Tag Archives: Vinales


Landscapes take time.

Time to scout.

Time to learn:

– where to be to find an interesting subject and a composition.

– when to be there …. the season, month, day, and  hour.

– what light you want …. morning, evening, or something in between.

So you go, armed with all your knowledge, and then you are still at the mercy of the weather.

Sometimes you get shut out, but sometimes you get lucky.

Having been to Vinales, Cuba only twice before, I considered myself lucky on the third trip.

We had some delicate valley fog one morning so four of us grabbed a taxi and offered the driver some money to take us about 4 miles out of town and drop us off. We planned to walk back and shoot on the way. It took some explaining to convince the driver that we were serious.

Fun with balloons


Simple things can provide genuine enjoyment and funny moments.
Bring some balloons and make a big deal out of blowing them up. You know, the old Tom Sawyer and the fence white-washing scene. (You tell them they cannot possibly blow up these balloons and they will tell you that they can.) Soon you’ll have a crowd of children and some adults wanting to get in on the fun.


Easy start with his hat on.

Soon realizes the difficulty and loses his hat.

Expressions are priceless.

Confidence. “I got this”

The hat goes back on.

Husband and wife

Their son actually has an easier time.


hauling the trash


One evening, while sitting on the patio of our casa in Vinales, Cuba, I heard a very loud and strange sound. I looked up from my sip of rum and saw these beasts dragging something down the hill.  A  sheet metal and wooden box had been set on top of an old tire and chained to the animals. After the  gentleman made a couple of stops it became clear that he was hauling away trash in this curious contraption.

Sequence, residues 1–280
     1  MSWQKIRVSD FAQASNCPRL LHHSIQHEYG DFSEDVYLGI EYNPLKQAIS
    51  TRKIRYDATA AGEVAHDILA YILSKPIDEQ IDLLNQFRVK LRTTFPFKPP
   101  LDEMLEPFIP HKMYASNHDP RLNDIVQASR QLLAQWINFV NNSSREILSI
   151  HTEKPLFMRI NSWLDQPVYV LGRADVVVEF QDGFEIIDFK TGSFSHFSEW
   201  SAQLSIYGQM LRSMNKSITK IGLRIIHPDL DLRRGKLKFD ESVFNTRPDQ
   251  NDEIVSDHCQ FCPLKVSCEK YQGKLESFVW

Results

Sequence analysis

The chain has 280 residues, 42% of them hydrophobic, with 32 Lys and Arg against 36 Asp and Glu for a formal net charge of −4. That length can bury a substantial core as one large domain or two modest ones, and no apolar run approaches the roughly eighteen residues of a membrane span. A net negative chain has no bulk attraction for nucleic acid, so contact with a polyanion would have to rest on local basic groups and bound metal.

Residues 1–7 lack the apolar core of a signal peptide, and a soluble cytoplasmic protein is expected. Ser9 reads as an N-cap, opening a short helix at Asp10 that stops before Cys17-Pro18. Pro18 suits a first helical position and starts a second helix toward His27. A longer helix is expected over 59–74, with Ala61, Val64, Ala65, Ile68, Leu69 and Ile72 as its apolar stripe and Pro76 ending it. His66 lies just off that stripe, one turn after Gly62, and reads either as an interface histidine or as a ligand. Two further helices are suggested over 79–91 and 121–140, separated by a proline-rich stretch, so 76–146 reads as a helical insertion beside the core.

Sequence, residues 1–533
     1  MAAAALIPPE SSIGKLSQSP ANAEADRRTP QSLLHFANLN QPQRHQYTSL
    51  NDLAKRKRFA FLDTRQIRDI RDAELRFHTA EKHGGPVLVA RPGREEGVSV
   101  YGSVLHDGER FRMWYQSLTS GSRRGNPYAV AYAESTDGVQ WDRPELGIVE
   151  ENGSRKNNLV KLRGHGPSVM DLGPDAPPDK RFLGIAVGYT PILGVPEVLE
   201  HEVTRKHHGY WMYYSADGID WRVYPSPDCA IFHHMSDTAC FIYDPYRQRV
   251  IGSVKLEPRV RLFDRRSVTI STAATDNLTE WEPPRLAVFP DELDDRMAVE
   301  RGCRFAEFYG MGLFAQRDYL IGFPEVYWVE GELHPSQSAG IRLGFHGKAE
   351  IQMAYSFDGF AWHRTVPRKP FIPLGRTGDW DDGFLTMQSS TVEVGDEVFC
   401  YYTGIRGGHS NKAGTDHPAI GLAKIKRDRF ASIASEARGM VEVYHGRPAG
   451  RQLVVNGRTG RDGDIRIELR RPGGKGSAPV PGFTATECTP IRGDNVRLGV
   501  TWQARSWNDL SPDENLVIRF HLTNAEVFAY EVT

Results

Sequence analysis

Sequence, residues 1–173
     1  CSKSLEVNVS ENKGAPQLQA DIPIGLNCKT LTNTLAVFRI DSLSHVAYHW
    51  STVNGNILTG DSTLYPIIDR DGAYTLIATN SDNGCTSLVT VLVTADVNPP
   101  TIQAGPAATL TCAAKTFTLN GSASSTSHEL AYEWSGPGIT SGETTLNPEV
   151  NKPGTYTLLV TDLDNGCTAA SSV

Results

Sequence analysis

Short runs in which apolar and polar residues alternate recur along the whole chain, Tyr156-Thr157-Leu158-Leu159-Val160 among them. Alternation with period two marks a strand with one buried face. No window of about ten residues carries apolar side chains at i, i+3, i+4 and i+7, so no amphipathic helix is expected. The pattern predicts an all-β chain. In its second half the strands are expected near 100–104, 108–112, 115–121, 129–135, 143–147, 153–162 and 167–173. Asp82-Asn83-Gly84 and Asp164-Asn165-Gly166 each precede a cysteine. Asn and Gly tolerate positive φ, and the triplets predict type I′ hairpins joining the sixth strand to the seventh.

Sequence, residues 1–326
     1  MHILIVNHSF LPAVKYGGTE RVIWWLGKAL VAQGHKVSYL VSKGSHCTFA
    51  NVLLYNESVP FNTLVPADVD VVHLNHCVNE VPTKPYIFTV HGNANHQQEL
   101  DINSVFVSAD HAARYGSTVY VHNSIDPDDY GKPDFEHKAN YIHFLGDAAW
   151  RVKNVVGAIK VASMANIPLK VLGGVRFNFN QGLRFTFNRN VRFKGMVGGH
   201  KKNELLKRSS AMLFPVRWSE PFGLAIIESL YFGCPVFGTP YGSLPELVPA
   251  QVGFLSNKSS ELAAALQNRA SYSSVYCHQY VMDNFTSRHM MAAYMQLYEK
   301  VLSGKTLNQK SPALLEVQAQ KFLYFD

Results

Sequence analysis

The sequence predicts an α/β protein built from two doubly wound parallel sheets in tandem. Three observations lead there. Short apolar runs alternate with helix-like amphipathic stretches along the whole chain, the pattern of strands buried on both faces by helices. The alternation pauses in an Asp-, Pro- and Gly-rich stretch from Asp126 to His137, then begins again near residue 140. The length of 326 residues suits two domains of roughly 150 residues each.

There are several large, well-known caves in and around Viñales, Cuba as well as many that are smaller and less popular.

On a guided walk through the tobacco farms we had the option to explore a small cave. After descending a few meters from the farmland, our guide Richard, lead us through a narrow opening in the limestone. We all grabbed our small flashlights as we were assured the passage would open up and become a less claustrophobic scramble to the other end.
I’m not a big fan of caves, but this one was just my size … ten minutes long.





Going down


Looking back


Looking ahead


The way out


Richard hugs his son as our tour ended.



I’m thankful for shoes.

I realize that millions of people in the world go without shoes, but other than children at play, I don’t recall seeing many in Cuba without footwear of some kind.

We were about two kilometers from the main street in Vinales when
We spotted this man walking on the paved road, in the hot sun, in the middle of the day.

He had no shoes.

How far had he come?
How far was he going?

We tried to communicate with him, but could not understand what he was trying to tell us.








The quaint name for do-it-yourself repairs is “Shade Tree Mechanic”, but in Vinales, Cuba its serious business. These tobacco farmers are rebuilding a three cylinder diesel engine for their tractor. No “Snap-On” tool chest, parts washer, or workbench here. These men will proudly make do with what they have and get the job done.